Personally, I find this all very comforting. I get overwhelmed thinking about the giant gulf between my life and the life of the saints. I get exhausted pondering all of the things God may be calling me to do as the pastor of such a large parish as Assumption. But when I leave the big picture to God and instead focus on the task or call immediately in front of me, suddenly I am faced with something achievable. If I just do the immediate, next thing that God has called me to do, then God’s plan will be accomplished in my life and in our community. But I leave that responsibility to God. I am, and each of us is, merely called to be an unprofitable servant, doing what we have been commanded to do. And this faithful obedience is sufficient to move a mountain.


Making this leap is hard. We all like to be in control. We all like to know what path we are on. We all like to believe that our freedom and autonomy will be the source of our happiness. And I cannot really convince you otherwise if you do not want to be convinced. I can only tell you that, looking back on my life, following God’s plan as an unprofitable servant has brought incredible graces. I did not enjoy seminary. I found it to be a daily, difficult, arduous grind, and my prayer life collapsed completely for many years. But when seminary was over, I looked back at my life and realized that I was a much kinder, more patient, and more loving man after seminary than I was before. And I firmly believe this progress came because I followed the program even though it felt burdensome and uninspiring. For seven years, I woke up, I went to class, I said my prayers. And somehow God used this daily grind to help me increase in virtue and in relationship with Him. And because I have seen the fruits, I have not once since questioned the plan. I still wake up, say Mass, answer my e-mails, and pray. Every day. Whether I feel like it or not. I do not know where God is going to take me, but I honestly do not care. I am an unprofitable servant, and the master plan is his responsibility. I trust him without reservation.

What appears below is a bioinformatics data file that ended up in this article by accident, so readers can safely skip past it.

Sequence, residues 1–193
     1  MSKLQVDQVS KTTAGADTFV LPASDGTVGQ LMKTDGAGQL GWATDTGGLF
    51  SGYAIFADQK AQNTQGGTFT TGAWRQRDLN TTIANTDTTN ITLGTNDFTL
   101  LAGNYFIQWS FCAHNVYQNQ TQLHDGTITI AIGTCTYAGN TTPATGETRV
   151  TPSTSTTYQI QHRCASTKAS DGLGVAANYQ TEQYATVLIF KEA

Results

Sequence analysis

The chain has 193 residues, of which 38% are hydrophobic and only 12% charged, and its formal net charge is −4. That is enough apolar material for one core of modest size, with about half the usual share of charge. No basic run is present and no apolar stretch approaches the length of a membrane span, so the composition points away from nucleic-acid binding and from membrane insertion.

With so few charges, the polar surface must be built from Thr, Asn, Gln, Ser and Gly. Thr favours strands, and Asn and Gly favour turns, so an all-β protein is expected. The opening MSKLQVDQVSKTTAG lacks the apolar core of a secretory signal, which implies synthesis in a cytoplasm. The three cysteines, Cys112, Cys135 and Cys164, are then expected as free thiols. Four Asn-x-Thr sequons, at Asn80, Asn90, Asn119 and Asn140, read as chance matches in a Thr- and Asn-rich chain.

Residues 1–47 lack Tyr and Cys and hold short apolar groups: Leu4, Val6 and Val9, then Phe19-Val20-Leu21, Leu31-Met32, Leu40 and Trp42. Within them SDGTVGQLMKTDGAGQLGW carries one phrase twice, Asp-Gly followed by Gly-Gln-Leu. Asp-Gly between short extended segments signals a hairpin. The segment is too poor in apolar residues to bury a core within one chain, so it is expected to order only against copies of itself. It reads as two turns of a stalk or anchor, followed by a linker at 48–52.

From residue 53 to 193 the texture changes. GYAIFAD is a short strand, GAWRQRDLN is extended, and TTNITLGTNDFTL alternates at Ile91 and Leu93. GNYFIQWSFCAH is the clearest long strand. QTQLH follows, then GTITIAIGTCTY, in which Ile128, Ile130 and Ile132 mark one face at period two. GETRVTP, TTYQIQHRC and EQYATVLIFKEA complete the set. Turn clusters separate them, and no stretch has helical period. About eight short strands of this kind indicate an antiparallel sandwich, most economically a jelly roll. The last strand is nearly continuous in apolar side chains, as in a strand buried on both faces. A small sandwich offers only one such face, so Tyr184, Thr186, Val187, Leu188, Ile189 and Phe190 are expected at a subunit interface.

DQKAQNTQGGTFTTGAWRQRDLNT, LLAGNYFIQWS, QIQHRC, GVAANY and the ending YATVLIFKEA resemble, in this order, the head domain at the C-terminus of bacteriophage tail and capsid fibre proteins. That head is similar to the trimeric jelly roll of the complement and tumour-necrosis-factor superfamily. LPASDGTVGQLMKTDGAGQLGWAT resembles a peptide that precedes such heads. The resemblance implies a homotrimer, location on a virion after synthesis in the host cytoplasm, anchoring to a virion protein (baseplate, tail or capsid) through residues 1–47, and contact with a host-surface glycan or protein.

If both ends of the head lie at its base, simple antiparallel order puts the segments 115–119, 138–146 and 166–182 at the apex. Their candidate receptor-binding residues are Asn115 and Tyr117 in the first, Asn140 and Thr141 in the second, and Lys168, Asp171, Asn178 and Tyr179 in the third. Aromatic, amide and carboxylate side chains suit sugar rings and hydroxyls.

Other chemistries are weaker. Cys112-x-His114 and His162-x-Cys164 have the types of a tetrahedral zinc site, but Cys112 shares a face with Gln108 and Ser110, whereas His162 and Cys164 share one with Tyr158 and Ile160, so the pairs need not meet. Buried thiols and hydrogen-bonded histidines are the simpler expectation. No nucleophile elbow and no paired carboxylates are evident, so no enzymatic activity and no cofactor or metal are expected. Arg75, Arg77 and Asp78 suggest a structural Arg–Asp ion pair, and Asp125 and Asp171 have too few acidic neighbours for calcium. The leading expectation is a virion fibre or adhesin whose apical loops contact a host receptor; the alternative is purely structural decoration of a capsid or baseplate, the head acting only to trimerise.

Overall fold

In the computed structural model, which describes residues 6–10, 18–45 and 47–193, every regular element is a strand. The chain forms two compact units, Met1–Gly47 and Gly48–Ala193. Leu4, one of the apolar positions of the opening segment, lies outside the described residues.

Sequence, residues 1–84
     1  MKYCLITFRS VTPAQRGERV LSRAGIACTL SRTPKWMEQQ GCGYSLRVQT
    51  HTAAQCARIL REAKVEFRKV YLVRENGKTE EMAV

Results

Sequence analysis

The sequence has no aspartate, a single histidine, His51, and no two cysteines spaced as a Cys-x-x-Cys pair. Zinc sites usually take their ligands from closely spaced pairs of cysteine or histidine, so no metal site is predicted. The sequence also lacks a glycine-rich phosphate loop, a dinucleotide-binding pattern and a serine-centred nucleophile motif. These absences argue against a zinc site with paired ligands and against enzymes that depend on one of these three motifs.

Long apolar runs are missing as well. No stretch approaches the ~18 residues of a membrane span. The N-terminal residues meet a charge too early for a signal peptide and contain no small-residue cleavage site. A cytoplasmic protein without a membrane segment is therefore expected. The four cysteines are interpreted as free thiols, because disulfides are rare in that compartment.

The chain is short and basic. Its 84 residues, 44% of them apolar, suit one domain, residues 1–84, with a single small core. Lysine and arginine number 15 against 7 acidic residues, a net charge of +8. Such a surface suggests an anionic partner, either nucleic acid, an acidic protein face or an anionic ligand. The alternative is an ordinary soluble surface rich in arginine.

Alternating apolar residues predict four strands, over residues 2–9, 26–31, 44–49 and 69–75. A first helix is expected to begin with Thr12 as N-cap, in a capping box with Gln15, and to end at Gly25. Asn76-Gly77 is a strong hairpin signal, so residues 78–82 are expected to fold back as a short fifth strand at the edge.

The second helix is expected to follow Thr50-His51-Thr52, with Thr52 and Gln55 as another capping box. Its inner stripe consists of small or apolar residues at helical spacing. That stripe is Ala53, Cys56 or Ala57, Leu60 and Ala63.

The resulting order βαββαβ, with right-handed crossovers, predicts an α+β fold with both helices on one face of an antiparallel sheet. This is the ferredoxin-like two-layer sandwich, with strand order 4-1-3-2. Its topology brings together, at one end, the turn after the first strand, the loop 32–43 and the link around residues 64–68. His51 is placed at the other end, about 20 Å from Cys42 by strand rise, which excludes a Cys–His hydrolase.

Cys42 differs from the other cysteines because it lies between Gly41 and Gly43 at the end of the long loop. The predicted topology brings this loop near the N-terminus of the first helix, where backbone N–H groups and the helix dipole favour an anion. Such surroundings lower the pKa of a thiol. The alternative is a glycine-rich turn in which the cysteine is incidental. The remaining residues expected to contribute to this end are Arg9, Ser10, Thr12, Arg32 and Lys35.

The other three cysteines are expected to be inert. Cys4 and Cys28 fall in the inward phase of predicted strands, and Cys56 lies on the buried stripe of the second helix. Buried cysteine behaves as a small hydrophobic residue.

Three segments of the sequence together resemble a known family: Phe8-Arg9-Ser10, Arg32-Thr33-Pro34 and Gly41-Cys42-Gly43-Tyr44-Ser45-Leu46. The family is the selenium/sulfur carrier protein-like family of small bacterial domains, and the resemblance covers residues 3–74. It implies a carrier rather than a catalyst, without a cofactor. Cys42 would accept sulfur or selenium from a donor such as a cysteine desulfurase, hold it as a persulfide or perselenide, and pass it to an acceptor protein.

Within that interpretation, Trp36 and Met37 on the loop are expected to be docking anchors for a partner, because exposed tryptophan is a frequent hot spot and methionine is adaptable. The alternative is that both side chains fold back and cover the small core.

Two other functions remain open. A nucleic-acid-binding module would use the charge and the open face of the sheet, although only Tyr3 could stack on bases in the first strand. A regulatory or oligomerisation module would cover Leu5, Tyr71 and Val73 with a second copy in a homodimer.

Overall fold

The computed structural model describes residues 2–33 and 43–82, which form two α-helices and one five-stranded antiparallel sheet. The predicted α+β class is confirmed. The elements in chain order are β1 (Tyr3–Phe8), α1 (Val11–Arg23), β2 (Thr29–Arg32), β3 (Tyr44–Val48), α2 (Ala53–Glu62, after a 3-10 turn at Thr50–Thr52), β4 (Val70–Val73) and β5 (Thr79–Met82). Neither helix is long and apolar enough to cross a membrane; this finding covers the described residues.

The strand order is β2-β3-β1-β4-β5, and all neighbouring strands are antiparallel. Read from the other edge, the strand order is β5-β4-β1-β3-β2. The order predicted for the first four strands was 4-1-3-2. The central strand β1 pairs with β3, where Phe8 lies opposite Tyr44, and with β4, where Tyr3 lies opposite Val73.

My brothers and sisters in Christ, God knows what he is doing. In the Ancient world, the master of the house was responsible for making sure things ran smoothly. To us, the master in the parable seems selfish, but maybe his order was necessary for the success of the household; maybe this plan succeeded only because the servant did what he was asked to do.

No matter how exciting or boring your relationship with God may feel at a given moment, if you simply obey the Lord and do the task he has set before you, you will wake up one day and realize that he has made you holy, loving, and happy. Just stick to the plan, stay the course, and let God take care of the rest.

Photo, by Dave Doody, found here: https://www.history.org/foundation/journal/spring05/scots.cfm